Yes, zettabytes. According to a new study by IDC Digital Universe, the world's information is more than doubling every two years; faster growth than Moore's Law. In 2011, it is expected that 1.8 zettabytes of data will be created and replicated.
The study, sponsored by Toronto, ON-based IT company EMC Corp., indicates that 1.8 zettabytes is equivalent to every single person in Canada tweeting three times per minute for 242,976 years, non-stop; more than 200 billion two-hour HD movies; or the amount of information needed to fill 57.5 billion 32 GB Apple iPads.
The cost of creating, capturing, managing, and storing information has dropped to one-sixth of what it was in 2005, thanks to new "information taming" technologies. Since 2005, annual enterprise investments in the Digital Universe, including cloud, hardware, software, services, and staff to create, manage, store and generate revenue from the information, have increased 50% to US$4 trillion. All of this is helping contribute to the rapid growth.
IDC warns, however, that the skills, experience, and resources to manage the massive amounts of data and resources, aren't keeping pace with the areas of growth. As a result, over the next decade, IT departments worldwide will experience 10 times the number of servers (virtual and physical), 50 times the amount of information to be managed, 75 times the number of files or containers that encapsulate the information in the digital universe (which is growing even faster than the information itself as more and more embedded systems appear), and 1.5 times the number of IT professionals available to manage it all.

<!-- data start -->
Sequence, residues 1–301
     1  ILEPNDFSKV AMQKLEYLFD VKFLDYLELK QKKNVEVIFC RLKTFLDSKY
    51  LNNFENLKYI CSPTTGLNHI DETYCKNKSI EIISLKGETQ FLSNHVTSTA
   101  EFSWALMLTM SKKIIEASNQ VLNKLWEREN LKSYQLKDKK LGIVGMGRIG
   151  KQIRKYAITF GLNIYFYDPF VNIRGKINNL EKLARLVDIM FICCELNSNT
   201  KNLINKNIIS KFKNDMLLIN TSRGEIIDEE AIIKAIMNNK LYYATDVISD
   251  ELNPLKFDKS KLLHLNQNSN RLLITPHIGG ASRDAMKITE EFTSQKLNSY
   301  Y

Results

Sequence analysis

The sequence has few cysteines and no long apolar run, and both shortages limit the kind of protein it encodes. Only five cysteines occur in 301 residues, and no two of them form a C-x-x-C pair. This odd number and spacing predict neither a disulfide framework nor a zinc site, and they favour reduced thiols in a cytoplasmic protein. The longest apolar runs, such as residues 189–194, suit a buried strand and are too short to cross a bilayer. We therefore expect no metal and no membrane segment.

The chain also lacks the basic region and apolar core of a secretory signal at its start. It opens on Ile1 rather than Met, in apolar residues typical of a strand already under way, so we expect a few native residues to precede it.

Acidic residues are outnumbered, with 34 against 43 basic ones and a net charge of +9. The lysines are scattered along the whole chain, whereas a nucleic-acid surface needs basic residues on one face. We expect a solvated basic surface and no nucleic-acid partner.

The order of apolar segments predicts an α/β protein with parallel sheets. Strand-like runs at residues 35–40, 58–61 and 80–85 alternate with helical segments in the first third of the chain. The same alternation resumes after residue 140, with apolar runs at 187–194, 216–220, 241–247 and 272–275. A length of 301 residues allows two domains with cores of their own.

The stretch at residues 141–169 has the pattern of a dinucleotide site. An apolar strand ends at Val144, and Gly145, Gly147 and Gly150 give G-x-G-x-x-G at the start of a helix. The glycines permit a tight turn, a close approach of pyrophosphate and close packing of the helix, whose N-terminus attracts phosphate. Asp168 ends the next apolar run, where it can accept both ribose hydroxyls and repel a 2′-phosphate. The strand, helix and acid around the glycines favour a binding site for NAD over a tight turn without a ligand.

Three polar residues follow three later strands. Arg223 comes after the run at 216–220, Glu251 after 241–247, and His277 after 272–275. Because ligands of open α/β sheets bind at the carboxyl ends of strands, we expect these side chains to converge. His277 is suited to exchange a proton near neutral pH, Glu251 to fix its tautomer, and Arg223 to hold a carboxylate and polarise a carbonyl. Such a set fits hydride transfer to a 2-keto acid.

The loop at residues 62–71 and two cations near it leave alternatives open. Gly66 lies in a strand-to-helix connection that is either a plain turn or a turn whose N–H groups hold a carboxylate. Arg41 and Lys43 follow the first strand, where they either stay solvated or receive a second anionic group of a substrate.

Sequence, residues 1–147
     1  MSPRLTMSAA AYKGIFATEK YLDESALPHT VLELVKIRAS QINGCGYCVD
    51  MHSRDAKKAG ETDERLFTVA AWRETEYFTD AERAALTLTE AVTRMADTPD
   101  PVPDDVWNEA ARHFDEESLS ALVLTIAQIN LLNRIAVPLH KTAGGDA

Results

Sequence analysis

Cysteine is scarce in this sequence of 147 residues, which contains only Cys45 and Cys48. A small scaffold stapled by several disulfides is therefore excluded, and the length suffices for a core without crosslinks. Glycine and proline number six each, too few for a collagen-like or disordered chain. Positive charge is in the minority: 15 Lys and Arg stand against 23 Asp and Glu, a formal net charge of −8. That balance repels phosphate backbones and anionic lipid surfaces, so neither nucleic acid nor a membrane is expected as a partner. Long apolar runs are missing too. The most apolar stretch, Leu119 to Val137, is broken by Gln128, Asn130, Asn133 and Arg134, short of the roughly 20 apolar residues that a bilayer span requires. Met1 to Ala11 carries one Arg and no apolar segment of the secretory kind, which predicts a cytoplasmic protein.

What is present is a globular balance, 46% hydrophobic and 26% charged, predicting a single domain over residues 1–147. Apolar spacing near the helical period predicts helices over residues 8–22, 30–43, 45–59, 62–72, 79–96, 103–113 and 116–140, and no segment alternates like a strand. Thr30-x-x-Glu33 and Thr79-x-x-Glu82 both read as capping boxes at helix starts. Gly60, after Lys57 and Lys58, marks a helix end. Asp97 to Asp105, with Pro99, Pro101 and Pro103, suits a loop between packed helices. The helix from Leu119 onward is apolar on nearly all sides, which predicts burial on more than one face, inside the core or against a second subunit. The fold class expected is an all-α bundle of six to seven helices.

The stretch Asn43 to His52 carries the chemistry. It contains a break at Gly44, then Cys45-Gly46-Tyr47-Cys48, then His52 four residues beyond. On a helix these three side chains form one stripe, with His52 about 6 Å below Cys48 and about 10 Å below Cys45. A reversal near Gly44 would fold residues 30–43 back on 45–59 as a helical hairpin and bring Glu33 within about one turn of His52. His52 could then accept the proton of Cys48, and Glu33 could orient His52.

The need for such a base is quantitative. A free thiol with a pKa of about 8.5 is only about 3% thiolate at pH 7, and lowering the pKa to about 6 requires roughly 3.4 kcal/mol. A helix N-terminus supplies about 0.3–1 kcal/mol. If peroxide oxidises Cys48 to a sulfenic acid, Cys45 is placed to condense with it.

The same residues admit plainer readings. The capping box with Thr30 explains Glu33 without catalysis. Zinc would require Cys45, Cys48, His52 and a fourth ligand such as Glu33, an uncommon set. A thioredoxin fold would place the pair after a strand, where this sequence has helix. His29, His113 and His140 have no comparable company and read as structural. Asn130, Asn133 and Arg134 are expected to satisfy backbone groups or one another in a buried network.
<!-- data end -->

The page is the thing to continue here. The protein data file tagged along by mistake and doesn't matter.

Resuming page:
Cloud computing accounts for less than 2% of IT spending today, but IDC estimates that by 2015, that will jump to nearly 20%.
An interesting factoid: the amount of information individuals create themselves by doing things like writing documents, taking pictures, downloading music, etc., is far less than the amount of information being created about them in the digital universe.
"The chaotic volume of information that continues growing relentlessly presents an endless amount of opportunity, driving transformational societal, technological, scientific and economic changes," says Jeremy Burton, Chief Marketing Officer, EMC Corp.
The growth of the digital universe continues to outpace the growth of storage capacity. But a gigabyte of stored content can generate a petabyte or more of transient data that we typically don't store (e.g., digital TV signals we watch but don't record, voice calls that are made digital in the network backbone for the duration of a call).
Interestingly, less than a third of the information in the digital universe can be said to have at least minimal security or protection; only about half the information that should be protected is protected.